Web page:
Students have taken the téléferique over glacial peaks and hiked through snow-covered passes. They take rock-climbing and canyoning trips, hike on glaciers in the summer sun, go to the French market in the university town of Aix-en-Provence, and attend opera and musical performances at the International Festival in Aix and in nearby Avignon. In the Riviera they swim, windsurf, sail and visit Cannes and historical places.
"It's essentially a total immersion classroom with a touch of adventure," Noah says.
Adventures can lead to bigger adventures. On a bicycle trip in Brittany, it had just rained. An 18-year-old student riding downhill ran headlong into a wall at about 20 miles per hour.
"His helmet shattered. We went to a French hospital. While the students know French, I had to translate the medical terms and questions," Noah says. Fortunately it was mostly precautionary, and the student was all right.
Noah says one of his favorite places is off the beaten path, Bassin d'Arcachon. You can't get to it on the high-speed train; you have to take a slow one.
"There I took a boat to an island with crystal-clear water. You can have oysters straight from the bay and drink white wine from the region," he says.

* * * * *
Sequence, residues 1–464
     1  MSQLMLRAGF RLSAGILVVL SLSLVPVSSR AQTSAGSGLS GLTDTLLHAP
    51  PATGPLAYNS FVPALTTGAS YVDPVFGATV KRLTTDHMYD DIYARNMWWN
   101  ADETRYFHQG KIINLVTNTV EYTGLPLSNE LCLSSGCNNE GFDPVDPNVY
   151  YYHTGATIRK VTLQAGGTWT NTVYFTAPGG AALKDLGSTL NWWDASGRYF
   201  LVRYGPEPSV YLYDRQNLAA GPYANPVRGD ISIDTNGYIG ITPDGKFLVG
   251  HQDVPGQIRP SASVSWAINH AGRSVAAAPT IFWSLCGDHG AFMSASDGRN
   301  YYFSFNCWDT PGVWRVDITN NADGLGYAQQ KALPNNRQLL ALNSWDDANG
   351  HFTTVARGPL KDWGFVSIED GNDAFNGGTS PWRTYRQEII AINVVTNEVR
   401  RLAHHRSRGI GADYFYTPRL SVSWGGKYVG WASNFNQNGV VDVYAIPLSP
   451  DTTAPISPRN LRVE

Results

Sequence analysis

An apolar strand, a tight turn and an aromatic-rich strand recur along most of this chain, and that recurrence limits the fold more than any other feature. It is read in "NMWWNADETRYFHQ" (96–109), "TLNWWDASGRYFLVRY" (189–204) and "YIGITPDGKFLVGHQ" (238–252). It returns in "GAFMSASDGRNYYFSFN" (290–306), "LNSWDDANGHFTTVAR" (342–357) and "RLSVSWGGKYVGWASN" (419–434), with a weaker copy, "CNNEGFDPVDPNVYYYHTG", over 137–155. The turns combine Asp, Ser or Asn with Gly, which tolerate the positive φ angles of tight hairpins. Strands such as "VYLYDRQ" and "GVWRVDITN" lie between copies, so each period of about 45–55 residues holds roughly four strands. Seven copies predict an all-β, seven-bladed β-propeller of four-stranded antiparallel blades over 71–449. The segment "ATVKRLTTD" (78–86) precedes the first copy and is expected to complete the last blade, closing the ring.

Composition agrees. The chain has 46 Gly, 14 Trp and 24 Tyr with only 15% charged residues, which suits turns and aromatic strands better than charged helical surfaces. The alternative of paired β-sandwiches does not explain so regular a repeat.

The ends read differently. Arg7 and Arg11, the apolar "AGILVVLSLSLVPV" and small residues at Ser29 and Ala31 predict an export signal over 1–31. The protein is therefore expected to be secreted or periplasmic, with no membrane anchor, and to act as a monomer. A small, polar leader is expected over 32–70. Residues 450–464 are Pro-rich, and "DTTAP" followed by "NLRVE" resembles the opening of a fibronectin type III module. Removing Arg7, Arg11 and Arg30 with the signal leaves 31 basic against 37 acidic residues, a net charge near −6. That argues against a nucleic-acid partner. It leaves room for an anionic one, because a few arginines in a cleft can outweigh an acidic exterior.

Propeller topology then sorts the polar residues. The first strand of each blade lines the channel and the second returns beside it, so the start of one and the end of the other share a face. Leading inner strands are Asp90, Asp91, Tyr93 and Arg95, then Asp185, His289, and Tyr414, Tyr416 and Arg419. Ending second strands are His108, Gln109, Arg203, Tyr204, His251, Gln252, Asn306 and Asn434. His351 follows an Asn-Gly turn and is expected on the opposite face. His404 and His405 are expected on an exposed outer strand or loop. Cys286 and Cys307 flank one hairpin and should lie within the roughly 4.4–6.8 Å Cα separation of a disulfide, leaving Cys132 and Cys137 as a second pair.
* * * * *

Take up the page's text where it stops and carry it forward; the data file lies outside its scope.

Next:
Asked about the popular movie, "Julie and Julia," where Julia Child's French cooking is the third star of the film along with Meryl Streep and Amy Adams, Noah says the French make "amazing, excellent food," but tend to follow traditions. In America, he says, we experiment more. But the French do have some advantages.
"Access to fresh food is easier in France. In any community, there are open-air markets," he says. But he notes places like the farmers market in downtown Springfield are becoming more popular and provide American cooks additional access to fresh local food.
Noah says he has found that the French, "even though they sometimes have a difficulty admitting it," have immense respect for Americans and our values. But he understands the French discomfort with some American visitors.
"In groups, we talk louder than the French. And even though the perception is that France is Catholic, there is a variety of religions and respect for that variety. Their president would never mention the word 'God,' and they feel very ill at ease when Americans speak of religion," Noah says. "But if they get a chance, it's their dream to travel to New York or California or Miami."
Not all of Noah's trips have been to luxury places. A trip to Tunisia in May was like taking a giant step backward in time.
"They're living as they would in Biblical times," he says. "They draw water from a well, used donkey for transportation, have no dental care, eye care or medical care. There are flies everywhere. I think about our privileges, and I'm grateful for being able to cross borders and drink clean water."
At the same time, Noah says, you have to find beauty in situations - that should be the whole point of travel.
"I was in the middle of Sahara desert, and our vehicle broke down," he says. In the middle of nowhere, he found help.
"That's the thing that travel shows you," he says. "No matter how unstable or precarious things can be, in spite of all the chaos, all the things that can go wrong, we're human still. I take comfort in that."
Story published Friday, November 6, 2009 ( Volume 4, Number 6 )